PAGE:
Skip Navigation Links

Work for Estate Agents

The lawyers and other professional members of The International Law Partnership Ltd. undertake a considerable amount of work for estate agents.

Their needs are varied and our services are designed to cater to their specific requirements but the following are examples of the sort of work that we carry out on their behalf.

Introductions to developers and agents

Because of our contacts in the area we have been asked to act as a 'guide' to estate agents thinking of selling property in another country for the first time. We have also been asked to introduce agents working in the area to additional developers, projects or master agents.

Due dilligence on potential partners

Where an estate agent is thinking of doing business with a particular developer or master agent in another country our lawyer members in the area can carry out certain checks and make certain enquiries about the people and companies in question. The nature and extent of these checks will usually depend upon the amount of business that you are contemplating. If you are likely to be selling hundreds of properties for these people and, therefore, to be exposed to the tune of 10's or 100's of thousands of pounds/euros/dollars by way of unpaid commission you may want us to carry out quite extensive enquiries. If your ambitions are more modest a quick conversation with our local colleague to confirm that the developer or agent is known to him and that he knows of no reason why you should not do business with them might be all that you require.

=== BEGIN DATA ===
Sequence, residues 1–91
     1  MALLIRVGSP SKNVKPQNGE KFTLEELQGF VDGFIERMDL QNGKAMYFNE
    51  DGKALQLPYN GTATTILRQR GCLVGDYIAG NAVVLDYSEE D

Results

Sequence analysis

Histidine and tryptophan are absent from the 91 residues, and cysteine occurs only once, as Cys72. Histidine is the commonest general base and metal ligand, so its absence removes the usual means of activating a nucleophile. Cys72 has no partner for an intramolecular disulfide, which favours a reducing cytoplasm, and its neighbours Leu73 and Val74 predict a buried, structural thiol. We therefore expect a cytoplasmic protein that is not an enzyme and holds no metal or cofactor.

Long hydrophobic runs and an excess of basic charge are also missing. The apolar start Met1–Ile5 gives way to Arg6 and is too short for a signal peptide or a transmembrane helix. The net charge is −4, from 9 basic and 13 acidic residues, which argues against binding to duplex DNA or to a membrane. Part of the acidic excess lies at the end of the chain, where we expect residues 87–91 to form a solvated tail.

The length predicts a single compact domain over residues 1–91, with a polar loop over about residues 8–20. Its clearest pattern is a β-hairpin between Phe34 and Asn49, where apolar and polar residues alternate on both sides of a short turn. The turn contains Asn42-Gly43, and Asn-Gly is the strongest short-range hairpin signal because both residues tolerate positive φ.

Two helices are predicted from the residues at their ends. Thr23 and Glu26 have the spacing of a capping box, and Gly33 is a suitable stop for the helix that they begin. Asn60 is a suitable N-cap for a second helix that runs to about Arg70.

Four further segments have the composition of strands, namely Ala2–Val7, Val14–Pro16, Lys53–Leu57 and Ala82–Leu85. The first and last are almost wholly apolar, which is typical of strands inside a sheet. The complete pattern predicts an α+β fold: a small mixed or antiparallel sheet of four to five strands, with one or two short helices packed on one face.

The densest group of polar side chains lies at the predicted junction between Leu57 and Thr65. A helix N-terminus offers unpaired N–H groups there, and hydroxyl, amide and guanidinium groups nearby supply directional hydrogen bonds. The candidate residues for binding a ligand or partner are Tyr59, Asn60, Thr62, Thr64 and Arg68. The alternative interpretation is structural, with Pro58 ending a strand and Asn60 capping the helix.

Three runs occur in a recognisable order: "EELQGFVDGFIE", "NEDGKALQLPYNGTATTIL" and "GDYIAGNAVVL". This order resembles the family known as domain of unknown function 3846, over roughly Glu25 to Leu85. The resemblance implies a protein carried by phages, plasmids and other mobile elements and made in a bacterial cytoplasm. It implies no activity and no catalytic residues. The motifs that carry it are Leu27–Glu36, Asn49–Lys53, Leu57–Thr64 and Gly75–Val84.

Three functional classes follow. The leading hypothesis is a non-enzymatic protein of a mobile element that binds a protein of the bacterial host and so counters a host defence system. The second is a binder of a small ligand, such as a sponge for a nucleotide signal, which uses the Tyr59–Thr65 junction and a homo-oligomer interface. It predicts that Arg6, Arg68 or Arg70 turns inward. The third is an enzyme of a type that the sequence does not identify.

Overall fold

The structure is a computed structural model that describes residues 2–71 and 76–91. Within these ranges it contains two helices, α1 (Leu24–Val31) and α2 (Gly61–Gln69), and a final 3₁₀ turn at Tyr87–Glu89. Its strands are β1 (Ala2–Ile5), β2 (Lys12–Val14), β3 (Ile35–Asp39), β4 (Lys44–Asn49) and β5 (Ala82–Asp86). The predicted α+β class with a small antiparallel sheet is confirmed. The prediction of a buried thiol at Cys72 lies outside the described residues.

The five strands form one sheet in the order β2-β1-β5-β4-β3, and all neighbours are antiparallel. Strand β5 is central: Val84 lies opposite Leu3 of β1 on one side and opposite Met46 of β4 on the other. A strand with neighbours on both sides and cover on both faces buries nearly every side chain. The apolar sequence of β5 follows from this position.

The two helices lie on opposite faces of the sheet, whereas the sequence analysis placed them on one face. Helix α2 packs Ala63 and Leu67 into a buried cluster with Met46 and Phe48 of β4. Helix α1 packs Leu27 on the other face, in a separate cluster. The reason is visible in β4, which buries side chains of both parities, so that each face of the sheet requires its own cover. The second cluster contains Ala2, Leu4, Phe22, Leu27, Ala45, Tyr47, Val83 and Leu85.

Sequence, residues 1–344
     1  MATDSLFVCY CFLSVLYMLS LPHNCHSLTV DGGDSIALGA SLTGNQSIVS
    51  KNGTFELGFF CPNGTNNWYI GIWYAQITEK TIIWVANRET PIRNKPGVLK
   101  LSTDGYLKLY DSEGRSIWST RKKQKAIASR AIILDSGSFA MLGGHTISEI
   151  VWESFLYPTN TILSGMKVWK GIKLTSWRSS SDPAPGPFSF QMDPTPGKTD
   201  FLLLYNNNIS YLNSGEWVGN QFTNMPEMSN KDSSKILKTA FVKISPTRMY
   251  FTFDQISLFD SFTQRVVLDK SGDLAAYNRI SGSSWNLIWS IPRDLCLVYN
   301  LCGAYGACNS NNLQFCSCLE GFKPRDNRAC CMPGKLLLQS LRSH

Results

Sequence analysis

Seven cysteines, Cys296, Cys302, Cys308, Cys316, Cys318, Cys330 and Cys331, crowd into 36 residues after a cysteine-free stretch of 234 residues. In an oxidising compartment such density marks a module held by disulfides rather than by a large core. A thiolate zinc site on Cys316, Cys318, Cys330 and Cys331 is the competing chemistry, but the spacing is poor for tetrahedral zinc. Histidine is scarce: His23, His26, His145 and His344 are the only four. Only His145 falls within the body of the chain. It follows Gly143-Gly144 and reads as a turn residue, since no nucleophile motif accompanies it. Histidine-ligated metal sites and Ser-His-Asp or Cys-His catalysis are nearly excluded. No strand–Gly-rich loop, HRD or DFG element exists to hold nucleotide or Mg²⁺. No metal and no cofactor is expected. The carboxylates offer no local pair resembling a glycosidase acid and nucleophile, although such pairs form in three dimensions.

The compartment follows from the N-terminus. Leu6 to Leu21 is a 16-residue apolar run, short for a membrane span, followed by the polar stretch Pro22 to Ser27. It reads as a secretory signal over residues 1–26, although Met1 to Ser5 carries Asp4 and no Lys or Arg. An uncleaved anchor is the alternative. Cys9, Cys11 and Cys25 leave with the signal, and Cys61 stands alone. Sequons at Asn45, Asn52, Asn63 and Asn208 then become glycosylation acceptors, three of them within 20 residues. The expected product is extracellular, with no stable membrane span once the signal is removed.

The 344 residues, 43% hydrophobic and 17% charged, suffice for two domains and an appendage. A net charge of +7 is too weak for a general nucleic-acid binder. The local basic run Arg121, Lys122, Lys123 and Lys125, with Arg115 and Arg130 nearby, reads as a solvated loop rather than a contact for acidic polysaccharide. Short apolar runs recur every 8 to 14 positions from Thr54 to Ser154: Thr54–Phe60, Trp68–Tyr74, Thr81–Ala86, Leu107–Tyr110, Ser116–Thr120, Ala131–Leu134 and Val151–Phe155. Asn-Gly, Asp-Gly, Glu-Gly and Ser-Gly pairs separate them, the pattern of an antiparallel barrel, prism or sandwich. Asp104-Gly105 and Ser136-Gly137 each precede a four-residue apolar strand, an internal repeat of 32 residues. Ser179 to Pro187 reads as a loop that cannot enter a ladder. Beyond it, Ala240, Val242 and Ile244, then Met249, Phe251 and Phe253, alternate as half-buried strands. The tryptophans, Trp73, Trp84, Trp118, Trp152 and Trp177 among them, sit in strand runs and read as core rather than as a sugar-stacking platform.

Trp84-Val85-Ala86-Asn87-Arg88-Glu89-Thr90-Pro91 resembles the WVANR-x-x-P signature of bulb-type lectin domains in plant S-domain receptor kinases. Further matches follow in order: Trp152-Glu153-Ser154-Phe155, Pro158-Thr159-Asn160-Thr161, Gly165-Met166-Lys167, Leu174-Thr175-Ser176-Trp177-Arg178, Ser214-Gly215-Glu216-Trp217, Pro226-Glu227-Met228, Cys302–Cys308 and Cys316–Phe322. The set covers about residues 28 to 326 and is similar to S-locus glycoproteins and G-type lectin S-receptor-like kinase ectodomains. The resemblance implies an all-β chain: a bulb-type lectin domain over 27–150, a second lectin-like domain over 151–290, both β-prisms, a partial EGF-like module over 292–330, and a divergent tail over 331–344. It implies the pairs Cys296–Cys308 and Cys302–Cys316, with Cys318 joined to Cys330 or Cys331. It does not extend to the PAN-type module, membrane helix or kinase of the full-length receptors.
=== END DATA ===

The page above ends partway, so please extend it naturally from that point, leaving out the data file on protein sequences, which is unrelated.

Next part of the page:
Due dilligence on the properties you are being asked to sell

In many countries - perhaps most - you simply cannot rely upon the fact that a property offered for sale will be safe to buy.

Even in the case of new developments you may find that the seller does not have good legal title to the land or that the developer has started work without the benefit of a building licence. In some cases it is highly unlikely that they will ever be able to obtain such a licence. These developments often run into trouble. The houses may never be delivered and your buyers will suffer, at best, stress and inconvenience and, at worst, substantial financial loss.

They will not be happy with you and they will ask why you did not make sure that the houses were safe to buy before you offered them for sale.